Concept

Morphology (linguistics)

Summary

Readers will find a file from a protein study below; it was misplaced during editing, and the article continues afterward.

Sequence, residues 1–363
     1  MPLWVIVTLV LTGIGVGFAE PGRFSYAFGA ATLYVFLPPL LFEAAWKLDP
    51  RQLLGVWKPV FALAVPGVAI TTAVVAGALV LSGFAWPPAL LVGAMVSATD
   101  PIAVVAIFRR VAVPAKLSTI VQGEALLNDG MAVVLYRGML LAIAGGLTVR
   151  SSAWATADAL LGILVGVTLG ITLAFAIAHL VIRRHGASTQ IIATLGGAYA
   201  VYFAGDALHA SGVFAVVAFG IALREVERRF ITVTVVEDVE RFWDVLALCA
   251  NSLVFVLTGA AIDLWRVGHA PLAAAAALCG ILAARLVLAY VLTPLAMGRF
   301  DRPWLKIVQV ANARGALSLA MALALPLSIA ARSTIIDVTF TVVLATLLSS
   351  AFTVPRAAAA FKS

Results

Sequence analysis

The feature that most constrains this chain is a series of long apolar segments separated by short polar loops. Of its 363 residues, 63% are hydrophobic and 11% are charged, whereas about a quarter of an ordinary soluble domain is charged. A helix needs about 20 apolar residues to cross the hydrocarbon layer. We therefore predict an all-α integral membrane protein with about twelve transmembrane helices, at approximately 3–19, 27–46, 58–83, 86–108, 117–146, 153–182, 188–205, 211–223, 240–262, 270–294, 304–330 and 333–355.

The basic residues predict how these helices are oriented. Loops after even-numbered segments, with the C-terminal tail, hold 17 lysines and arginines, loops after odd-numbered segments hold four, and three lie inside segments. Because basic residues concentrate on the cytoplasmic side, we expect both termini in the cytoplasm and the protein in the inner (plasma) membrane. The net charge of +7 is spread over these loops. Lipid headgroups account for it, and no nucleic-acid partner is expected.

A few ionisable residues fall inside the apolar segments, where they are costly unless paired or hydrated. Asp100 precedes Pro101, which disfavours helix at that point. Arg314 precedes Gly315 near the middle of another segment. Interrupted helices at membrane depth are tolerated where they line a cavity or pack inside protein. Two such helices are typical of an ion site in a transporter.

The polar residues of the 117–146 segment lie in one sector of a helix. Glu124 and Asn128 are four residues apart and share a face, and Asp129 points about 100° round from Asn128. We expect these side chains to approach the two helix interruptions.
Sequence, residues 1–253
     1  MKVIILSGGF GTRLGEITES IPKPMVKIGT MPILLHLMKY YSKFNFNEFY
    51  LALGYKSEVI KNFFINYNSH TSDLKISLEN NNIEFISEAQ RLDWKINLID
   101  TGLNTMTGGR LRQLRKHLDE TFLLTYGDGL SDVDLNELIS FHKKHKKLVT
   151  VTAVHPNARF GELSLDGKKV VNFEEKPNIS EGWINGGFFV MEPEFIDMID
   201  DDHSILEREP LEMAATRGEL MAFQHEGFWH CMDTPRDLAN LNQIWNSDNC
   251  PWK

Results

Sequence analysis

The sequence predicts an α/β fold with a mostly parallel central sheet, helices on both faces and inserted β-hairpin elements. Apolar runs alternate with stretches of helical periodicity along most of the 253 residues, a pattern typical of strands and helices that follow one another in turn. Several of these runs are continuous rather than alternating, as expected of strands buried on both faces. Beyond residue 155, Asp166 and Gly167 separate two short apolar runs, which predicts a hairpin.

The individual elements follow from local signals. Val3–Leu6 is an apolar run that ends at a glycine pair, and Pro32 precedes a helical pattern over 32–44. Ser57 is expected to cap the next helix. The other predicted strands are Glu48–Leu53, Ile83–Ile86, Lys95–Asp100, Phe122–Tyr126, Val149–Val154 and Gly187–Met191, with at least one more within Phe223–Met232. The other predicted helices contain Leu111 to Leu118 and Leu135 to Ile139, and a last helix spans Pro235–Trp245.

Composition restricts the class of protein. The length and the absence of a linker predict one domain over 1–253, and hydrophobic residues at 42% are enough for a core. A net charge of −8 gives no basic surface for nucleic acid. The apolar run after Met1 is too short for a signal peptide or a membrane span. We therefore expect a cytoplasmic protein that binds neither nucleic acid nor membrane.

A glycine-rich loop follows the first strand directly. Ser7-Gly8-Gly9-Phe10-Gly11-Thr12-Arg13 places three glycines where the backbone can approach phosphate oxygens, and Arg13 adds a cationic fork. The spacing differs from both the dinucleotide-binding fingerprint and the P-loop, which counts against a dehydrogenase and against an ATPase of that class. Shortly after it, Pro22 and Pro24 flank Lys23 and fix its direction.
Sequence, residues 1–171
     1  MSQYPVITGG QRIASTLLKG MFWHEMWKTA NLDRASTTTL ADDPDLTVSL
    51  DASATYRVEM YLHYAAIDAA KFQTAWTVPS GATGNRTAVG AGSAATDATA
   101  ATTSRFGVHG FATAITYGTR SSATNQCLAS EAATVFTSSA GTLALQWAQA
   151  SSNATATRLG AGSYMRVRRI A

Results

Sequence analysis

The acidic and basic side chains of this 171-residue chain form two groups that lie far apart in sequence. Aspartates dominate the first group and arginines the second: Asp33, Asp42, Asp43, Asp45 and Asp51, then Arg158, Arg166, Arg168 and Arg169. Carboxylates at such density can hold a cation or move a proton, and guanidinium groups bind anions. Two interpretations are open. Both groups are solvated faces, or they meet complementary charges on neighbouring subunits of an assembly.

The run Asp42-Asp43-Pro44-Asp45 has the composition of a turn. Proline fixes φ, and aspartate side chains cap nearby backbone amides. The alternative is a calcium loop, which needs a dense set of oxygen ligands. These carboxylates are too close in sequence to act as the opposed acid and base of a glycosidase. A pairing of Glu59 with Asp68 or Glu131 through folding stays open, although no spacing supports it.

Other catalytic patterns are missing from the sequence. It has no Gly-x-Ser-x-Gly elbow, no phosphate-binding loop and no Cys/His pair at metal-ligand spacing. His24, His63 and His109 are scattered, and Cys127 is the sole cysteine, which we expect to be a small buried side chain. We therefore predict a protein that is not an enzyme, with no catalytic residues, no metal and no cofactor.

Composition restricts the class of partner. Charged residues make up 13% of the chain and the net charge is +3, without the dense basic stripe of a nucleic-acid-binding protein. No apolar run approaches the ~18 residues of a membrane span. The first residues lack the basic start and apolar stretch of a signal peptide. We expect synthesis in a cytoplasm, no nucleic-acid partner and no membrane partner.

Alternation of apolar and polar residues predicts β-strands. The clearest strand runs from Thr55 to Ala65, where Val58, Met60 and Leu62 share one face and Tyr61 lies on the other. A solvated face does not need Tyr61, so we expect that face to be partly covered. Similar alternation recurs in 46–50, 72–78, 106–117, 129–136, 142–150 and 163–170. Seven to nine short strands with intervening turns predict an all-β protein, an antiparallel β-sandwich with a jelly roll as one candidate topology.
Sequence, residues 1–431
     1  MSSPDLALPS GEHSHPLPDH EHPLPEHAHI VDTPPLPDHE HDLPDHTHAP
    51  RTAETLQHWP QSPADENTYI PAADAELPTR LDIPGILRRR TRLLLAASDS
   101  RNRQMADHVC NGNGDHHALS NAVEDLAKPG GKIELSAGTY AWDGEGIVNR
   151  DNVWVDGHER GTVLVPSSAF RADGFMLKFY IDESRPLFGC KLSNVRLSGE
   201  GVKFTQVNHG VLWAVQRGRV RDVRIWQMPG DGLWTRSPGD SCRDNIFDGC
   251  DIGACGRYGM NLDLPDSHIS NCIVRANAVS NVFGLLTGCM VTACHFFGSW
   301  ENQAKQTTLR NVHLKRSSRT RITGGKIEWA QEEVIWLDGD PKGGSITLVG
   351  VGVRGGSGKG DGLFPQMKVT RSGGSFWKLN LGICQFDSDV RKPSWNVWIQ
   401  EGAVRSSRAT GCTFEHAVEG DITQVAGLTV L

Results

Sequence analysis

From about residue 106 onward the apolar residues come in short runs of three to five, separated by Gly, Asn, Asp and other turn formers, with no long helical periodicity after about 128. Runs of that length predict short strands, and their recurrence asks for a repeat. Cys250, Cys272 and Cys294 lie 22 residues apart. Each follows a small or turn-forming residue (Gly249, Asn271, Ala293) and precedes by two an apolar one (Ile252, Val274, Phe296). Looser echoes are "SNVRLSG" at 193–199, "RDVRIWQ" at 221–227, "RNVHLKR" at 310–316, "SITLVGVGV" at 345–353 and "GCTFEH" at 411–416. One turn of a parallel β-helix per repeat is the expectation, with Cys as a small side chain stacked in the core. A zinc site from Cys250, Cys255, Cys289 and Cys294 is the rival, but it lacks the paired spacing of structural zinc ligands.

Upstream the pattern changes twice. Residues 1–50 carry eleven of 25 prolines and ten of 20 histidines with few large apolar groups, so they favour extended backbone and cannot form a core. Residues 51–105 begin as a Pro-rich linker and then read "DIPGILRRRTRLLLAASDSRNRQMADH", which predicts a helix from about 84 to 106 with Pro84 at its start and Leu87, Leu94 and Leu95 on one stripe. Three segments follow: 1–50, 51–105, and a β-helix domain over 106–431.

In linguistics, morphology (mɔrˈfɒlədʒi ) is the study of words, how they are formed, and their relationship to other words in the same language. It analyzes the structure of words and parts of words such as stems, root words, prefixes, and suffixes. Morphology also looks at parts of speech, intonation and stress, and the ways context can change a word's pronunciation and meaning. Morphology differs from morphological typology, which is the classification of languages based on their use of words, and lexicology, which is the study of words and how they make up a language's vocabulary. While words, along with clitics, are generally accepted as being the smallest units of syntax, in most languages, many words can be related to other words by rules that collectively describe the grammar for that language. For example, English speakers recognize that the words dog and dogs are closely related, differentiated only by the noun-bound plurality morpheme "-s". By contrast, Classical Chinese
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